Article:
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A 43-year-old female patient presented with blurring, pain and foreign body sensation for 18 months. Systemic history was significant for primary adrenocortical insufficiency (PAI) diagnosed 10 years ago following complaints of chronic fatigue and weight loss. She underwent high-dose prednisolone therapy but discontinued medication 2 years ago. At presentation, she was already on topical lubricating eye drops for 3 months.
Best-corrected visual acuity (BCVA) was 6/60 in the right eye (OD) and 6/24 in the left eye (OS). Slit-lamp examination showed bilateral conjunctival congestion, peripheral superficial corneal neovascularisation, superficial punctate keratitis, mild epithelial haze and whorled epithelial pattern (figure 1A,B). Schirmer II test values (at 5 min) were 10 mm in both eyes. The rest of the ocular examination was normal except for the presence of significant posterior subcataracts (OS>OD). A diagnosis of bilateral partial limbal stem cell deficiency (LSCD) secondary to Addison’s disease was made. Systemic evaluation revealed serum cortisone levels were low at 43.2 nmol/L (normal range: 83–359 nmol/L). Serum electrolytes, thyroid profile, parathormone levels and blood sugars were normal.
Topical lubricants (hydroxypropyl methylcellulose 0.3% eye drops once every two hours, sodium hyaluronate 0.1% eye ointment) two times and tacrolimus (0.03% w/w) eye ointment at bedtime and a short course of topical steroids (loteprednol etabonate 0.5%) in a weekly tapering regimen were prescribed. Systemic hormonal replacement therapy was resumed by the endocrinologist. Over 3 months, there was significant improvement in her symptoms with resolution of LSCD (figure 2A,B). BCVA improved to 6/12 p in OD, and in OS it remained at 6/60 p due to cataract. The peripheral vascularisation and epithelial haze regressed, and residual corneal scarring was noted.
The limbal stem cells are known to reside in the basal epithelium at the limbus and are responsible for the ocular surface integrity, acting as a mechanical barrier preventing conjunctival epithelial overgrowth over the cornea. Several disorders can lead to LSCD and its sequalae of scarring and chronic inflammation, eventually affecting the vision and patient comfort.1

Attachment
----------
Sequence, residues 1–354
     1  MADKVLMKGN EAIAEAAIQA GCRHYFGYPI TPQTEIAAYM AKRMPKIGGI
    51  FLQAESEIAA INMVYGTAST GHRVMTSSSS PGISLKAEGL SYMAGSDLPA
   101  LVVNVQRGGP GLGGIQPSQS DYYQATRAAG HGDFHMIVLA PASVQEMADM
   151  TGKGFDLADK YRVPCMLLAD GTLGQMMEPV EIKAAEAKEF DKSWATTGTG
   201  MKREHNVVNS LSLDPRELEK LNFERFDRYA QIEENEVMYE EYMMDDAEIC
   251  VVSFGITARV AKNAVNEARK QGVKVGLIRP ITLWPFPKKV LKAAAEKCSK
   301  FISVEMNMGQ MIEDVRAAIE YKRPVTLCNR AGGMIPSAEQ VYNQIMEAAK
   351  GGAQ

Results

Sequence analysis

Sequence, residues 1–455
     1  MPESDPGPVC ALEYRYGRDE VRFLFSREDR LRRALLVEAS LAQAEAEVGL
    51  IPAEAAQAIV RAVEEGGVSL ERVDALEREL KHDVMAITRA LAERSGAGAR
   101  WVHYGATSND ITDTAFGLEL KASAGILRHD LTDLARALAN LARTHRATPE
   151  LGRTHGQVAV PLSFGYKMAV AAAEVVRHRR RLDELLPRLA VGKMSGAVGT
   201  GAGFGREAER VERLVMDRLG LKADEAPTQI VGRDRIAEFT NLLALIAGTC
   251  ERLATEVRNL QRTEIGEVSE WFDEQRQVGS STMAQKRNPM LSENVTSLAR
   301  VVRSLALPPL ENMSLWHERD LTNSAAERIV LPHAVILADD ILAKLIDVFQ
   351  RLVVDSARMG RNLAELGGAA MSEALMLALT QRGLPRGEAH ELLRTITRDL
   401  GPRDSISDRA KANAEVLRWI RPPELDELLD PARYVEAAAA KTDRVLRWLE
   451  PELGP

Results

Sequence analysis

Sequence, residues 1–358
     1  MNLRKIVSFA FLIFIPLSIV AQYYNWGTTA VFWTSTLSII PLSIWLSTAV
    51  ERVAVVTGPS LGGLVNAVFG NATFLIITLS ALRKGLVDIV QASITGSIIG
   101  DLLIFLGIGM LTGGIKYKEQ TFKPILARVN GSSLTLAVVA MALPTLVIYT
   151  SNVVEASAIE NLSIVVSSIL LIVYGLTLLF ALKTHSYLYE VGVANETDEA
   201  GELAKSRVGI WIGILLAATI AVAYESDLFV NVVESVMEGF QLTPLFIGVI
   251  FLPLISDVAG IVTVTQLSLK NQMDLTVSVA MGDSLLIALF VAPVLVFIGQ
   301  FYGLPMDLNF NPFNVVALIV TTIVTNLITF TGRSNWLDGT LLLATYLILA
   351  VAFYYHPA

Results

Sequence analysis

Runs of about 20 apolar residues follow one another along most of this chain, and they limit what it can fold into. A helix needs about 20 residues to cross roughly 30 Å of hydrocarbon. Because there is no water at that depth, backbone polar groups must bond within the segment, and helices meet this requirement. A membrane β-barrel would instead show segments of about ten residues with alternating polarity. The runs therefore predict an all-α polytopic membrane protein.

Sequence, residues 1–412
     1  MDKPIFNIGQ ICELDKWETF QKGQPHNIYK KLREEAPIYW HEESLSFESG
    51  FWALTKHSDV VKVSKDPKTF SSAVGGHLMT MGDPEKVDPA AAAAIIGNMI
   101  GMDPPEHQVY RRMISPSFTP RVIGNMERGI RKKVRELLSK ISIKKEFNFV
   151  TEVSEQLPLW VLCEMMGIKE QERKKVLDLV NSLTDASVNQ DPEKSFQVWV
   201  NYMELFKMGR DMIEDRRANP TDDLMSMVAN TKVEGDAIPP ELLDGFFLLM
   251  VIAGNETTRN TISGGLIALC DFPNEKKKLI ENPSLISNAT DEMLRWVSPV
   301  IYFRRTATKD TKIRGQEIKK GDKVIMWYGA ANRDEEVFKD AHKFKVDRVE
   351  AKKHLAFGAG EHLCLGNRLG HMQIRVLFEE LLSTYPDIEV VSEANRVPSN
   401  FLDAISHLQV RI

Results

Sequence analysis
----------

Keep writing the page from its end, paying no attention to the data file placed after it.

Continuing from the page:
Addison’s disease (primary adrenal insufficiency) occurs due to dysfunction of bilateral adrenal cortex manifesting as chronic fatigue, muscle weakness and gastrointestinal disturbances.2 Adrenal hormones also regulate the ocular surface health, inhibiting release of cytokines and chemokines that adversely affect limbal stem cells.3
Association of LSCD with polyendocrinopathy has been reported previously in literature.4 5 However, those patients had coexisting diseases like idiopathic hypoparathyroidism and autoimmune polyendocrinopathy/candidiasis/ectodermal dystrophy syndrome.
Our case is different from other cases reported previously; her ocular symptoms started after she discontinued her systemic hormonal therapy. Ocular surface inflammation was the first sign at presentation in the absence of other systemic features of PAI. We speculate that similar to other non-specific systemic signs of PAI, LSCD could be an early and subtle sign of this disease.
In patients presenting with mild to moderate limbal stem cell deficiency (LSCD) without a definite cause, a diagnosis of an underlying endocrinopathy like Addison’s disease should be ruled out.
These patients have mild symptoms initially, and early diagnosis and treatment can prevent the development of sequalae of LSCD, such as chronic dry eye, persistent epithelial defects and meibomian gland disease.
Multidisciplinary approach with an endocrinologist helps to keep the systemic disease under check and prevents further complications of a debilitating condition like primary adrenocortical insufficiency.
Hyderabad Eye Research Foundation, Hyderabad.
Contributors SIM managed the case. SIM, SS and VR drafted the manuscript. SS designed the images. Revision was done by SIM and VR.
Funding The authors have not declared a specific grant for this research from any funding agency in the public, commercial or not-for-profit sectors.
Competing interests None declared.
Patient consent for publication Obtained.
Provenance and peer review Not commissioned; externally peer reviewed.